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Blackholes are one of the most mysterious and powerful objects in the universe. Plus, due to their nature, all but invisible.
Scientists traditionally have used x-ray or gamma ray telescopes in hopes of locating new singularities.
Unfortunately these installations are large and expensive, well outside the capabilities of the back yard astronomer.
Now, according the the original Gizmodo article, a new study suggests that we could accomplish the same thing with
nothing more than a standard, optical 8-inch telescope.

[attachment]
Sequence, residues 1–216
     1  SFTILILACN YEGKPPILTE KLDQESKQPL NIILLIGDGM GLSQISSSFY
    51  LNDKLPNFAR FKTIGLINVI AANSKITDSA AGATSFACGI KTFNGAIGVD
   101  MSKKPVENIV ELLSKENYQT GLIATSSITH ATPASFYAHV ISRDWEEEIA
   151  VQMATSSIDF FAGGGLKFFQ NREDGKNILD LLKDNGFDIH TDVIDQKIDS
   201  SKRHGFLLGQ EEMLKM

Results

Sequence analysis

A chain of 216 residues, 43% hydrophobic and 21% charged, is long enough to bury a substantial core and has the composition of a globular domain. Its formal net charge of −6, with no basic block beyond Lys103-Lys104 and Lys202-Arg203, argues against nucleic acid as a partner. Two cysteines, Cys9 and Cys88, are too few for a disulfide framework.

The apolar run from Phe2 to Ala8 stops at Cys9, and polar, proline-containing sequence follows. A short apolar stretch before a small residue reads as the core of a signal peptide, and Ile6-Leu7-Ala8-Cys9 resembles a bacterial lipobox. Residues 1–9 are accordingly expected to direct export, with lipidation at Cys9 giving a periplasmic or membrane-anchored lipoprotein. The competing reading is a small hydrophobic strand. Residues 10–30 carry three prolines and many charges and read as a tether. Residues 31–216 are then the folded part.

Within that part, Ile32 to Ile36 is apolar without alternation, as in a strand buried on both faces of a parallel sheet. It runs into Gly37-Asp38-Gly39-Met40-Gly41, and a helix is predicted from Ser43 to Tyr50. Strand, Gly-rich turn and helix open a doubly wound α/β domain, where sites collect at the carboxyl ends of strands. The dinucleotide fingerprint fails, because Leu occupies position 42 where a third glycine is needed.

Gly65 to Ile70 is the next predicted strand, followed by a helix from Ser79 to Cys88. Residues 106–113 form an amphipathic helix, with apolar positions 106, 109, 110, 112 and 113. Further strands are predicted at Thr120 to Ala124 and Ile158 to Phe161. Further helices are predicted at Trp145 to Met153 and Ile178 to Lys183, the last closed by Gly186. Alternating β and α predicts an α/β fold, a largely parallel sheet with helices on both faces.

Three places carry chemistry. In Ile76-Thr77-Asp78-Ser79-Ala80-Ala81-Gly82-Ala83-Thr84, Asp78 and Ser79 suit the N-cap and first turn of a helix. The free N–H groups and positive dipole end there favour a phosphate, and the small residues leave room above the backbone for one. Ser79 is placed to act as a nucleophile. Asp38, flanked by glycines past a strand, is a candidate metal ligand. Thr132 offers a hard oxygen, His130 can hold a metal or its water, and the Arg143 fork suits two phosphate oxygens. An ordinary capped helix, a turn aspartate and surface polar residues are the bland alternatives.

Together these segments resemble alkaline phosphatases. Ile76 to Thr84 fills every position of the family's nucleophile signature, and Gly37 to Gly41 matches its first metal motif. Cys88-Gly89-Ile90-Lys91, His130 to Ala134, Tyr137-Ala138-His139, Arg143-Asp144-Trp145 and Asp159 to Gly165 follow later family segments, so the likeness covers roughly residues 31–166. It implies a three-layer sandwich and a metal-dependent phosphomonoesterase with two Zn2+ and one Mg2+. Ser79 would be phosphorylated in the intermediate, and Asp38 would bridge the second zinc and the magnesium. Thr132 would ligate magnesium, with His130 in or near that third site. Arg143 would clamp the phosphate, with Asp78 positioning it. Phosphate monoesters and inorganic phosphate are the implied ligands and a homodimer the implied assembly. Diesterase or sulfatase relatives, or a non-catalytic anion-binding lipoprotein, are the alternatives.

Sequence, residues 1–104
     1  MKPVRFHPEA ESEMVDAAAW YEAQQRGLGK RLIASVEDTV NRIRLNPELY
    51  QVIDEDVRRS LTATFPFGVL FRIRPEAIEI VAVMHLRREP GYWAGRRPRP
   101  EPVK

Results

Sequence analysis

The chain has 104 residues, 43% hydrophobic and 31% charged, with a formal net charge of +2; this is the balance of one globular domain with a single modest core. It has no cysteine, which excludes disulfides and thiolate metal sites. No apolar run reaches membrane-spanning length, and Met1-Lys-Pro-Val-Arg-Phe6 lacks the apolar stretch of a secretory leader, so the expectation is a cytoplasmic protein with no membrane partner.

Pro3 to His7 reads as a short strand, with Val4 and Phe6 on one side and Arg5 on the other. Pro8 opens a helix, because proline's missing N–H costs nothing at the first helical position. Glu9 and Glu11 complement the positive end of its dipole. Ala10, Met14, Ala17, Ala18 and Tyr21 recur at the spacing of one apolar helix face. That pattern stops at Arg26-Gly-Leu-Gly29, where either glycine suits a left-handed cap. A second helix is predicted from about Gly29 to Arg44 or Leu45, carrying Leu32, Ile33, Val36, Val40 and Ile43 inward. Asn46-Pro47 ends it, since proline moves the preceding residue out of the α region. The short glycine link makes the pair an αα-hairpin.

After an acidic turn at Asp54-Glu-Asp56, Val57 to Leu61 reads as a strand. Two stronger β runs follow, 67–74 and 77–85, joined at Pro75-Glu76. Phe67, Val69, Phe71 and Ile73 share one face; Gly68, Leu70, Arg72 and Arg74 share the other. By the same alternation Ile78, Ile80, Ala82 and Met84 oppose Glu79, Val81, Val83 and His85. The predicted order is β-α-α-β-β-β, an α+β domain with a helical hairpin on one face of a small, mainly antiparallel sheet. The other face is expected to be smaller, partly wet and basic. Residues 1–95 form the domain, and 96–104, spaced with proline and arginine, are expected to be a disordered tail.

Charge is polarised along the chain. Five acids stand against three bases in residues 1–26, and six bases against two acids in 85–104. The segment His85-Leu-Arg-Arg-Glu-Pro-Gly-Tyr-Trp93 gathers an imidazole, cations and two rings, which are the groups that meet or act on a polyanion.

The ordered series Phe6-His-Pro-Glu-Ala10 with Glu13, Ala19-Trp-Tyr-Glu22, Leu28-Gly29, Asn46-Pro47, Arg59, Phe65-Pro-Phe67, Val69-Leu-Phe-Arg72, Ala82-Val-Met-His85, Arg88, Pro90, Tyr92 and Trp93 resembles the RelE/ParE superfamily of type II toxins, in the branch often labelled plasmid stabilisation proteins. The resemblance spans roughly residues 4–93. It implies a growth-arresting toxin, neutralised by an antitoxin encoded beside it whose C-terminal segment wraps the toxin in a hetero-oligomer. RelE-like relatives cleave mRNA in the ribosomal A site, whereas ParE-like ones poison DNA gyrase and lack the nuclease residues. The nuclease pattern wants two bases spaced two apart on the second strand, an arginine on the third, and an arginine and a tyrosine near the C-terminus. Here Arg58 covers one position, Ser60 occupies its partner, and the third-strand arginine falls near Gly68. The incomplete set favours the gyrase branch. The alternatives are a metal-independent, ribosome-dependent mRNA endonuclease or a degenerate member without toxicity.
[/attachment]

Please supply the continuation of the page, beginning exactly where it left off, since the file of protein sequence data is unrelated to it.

This hat trick is accomplished by one of the most common black hole - an X-Ray binary consisting of a massive dead star that proceeds to absorb all the material in it's vicinity. This leads to the emission of huge amounts of X-Rays, but a new discovery shows that the X-Ray binary also emits a small amount of low - level light, but well within the capabilities of a modest backyard telescope.
Using data from a nearby black hole (V404 Cygni which had a recent flickering event) the black hole was show to emit low-energy photons which makes the singularity "flicker" and visible to even modest telescopes.